Warning over bowel screening
The colorectal cancer screening programme to be introduced in England is unlikely to achieve the benefits seen in clinical
trials, an influential review
The Drug and Therapeutics Bulletin warned that England's chosen age range of 60 to 69 was far more restrictive than had been used in trials and was likely to miss a substantial proportion of cancers.
The UK colorectal cancer screening pilot included patients from 50 to 69 and several trials of faecal occult blood testing looked at patients up to 74.
The DTB questioned the Department of Health's decision to so restrict colorectal cancer screening, particularly given that Scotland has decided to include all patients from 50 to 74.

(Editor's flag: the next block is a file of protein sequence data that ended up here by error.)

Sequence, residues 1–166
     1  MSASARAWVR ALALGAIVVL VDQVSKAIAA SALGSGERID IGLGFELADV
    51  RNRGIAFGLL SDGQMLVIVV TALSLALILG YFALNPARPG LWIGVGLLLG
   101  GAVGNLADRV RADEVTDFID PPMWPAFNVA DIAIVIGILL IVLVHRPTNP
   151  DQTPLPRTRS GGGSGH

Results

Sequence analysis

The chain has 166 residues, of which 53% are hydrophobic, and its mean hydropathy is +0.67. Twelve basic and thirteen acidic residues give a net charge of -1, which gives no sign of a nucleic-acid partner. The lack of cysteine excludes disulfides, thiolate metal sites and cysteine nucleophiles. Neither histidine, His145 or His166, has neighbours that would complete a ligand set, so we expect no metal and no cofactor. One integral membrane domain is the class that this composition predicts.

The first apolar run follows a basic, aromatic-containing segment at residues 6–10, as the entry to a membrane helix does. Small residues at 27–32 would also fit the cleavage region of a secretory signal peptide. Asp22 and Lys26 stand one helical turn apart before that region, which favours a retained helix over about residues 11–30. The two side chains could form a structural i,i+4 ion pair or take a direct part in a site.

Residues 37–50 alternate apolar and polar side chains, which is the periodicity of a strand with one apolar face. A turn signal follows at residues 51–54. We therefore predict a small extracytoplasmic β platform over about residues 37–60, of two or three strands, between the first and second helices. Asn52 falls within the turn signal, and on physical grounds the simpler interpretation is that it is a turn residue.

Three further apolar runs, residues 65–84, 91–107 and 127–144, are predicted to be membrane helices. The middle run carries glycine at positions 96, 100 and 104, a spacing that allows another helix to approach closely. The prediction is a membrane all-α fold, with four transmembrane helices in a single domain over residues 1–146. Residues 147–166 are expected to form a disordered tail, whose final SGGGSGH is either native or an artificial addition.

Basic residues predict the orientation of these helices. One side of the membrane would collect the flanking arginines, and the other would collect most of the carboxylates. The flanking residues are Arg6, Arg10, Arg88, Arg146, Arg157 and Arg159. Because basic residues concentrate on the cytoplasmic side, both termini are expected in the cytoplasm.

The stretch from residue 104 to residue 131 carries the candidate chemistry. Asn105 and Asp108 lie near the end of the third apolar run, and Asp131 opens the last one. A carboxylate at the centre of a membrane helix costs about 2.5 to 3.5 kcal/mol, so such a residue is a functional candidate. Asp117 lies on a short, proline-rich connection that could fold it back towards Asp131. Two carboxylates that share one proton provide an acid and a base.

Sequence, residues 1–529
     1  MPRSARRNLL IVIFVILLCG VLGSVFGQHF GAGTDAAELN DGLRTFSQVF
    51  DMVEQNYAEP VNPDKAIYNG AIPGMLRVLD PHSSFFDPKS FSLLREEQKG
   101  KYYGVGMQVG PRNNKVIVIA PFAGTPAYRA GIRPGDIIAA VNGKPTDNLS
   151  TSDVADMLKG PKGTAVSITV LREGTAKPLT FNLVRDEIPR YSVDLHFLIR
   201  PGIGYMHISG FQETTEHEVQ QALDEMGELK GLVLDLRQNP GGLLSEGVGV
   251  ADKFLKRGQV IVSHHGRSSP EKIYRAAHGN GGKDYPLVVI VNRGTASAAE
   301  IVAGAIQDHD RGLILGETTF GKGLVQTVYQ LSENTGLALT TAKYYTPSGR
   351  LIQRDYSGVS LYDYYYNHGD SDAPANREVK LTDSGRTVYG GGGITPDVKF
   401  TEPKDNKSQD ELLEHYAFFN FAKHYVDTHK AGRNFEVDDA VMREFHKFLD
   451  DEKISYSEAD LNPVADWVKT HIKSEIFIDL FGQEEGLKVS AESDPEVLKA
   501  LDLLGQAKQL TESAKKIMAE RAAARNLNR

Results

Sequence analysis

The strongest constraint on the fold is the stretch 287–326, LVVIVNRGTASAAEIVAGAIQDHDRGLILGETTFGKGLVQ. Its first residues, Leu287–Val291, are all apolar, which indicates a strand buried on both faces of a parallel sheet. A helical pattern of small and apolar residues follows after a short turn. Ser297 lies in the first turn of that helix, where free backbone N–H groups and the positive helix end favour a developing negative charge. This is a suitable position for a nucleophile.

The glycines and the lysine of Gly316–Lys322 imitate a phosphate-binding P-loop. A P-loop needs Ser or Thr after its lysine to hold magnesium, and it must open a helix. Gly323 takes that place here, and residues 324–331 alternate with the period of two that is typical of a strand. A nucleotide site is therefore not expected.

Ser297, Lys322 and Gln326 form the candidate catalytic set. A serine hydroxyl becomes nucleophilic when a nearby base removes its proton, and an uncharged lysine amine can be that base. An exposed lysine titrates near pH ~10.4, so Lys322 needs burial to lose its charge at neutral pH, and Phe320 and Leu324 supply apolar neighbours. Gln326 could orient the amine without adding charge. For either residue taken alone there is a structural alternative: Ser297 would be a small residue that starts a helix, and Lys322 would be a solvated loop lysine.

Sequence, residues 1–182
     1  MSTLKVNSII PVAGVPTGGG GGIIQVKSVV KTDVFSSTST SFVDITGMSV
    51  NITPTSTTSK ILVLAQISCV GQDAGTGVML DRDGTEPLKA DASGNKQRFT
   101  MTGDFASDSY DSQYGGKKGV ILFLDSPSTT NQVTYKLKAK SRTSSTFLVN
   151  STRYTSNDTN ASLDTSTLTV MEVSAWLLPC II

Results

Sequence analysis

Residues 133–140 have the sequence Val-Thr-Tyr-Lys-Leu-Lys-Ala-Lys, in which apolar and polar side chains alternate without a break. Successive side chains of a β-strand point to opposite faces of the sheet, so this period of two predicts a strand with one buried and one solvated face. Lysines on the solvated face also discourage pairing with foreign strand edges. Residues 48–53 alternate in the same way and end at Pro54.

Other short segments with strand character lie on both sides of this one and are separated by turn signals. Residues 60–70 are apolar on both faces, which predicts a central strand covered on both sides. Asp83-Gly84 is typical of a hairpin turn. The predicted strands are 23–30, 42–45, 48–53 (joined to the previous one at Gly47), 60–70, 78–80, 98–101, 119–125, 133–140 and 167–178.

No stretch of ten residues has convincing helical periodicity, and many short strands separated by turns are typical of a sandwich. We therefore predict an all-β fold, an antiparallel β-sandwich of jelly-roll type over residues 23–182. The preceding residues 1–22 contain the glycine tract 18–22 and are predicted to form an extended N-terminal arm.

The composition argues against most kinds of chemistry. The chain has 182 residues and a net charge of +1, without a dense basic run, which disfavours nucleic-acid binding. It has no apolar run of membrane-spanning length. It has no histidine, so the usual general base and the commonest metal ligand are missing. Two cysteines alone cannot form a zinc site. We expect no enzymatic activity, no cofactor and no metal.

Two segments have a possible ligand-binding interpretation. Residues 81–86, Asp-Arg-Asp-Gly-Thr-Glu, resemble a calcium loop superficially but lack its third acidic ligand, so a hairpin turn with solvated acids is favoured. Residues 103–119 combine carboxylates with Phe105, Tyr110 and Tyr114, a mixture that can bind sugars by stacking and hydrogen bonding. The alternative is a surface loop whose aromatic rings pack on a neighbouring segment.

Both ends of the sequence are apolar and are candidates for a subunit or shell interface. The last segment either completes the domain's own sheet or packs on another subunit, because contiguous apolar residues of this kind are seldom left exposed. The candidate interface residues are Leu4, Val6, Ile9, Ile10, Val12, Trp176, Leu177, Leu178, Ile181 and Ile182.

Dr Ike Iheanacho, editor of the DTB, said: 'It is unfair that depending on where you live you may miss out on crucial health screening. National screening should mean just that – with the same criteria for all.
'It is also worth noting that if an age cut-off of 69 years, rather than 74 years, had been used in one of the major bowel cancer screening trials, 25 per cent of detectable cancers would have been missed.
'It is worrying that the screening programme in England appears so at odds with the evidence from the major population screening trials.'
The DTB also questioned the conclusions of an appraisal of screening that suggested biennial testing could cut colorectal cancer mortality by 23.6 per cent. It said a meta-analysis
suggested a 16 per cent reduction, even if screening included everyone from age 40.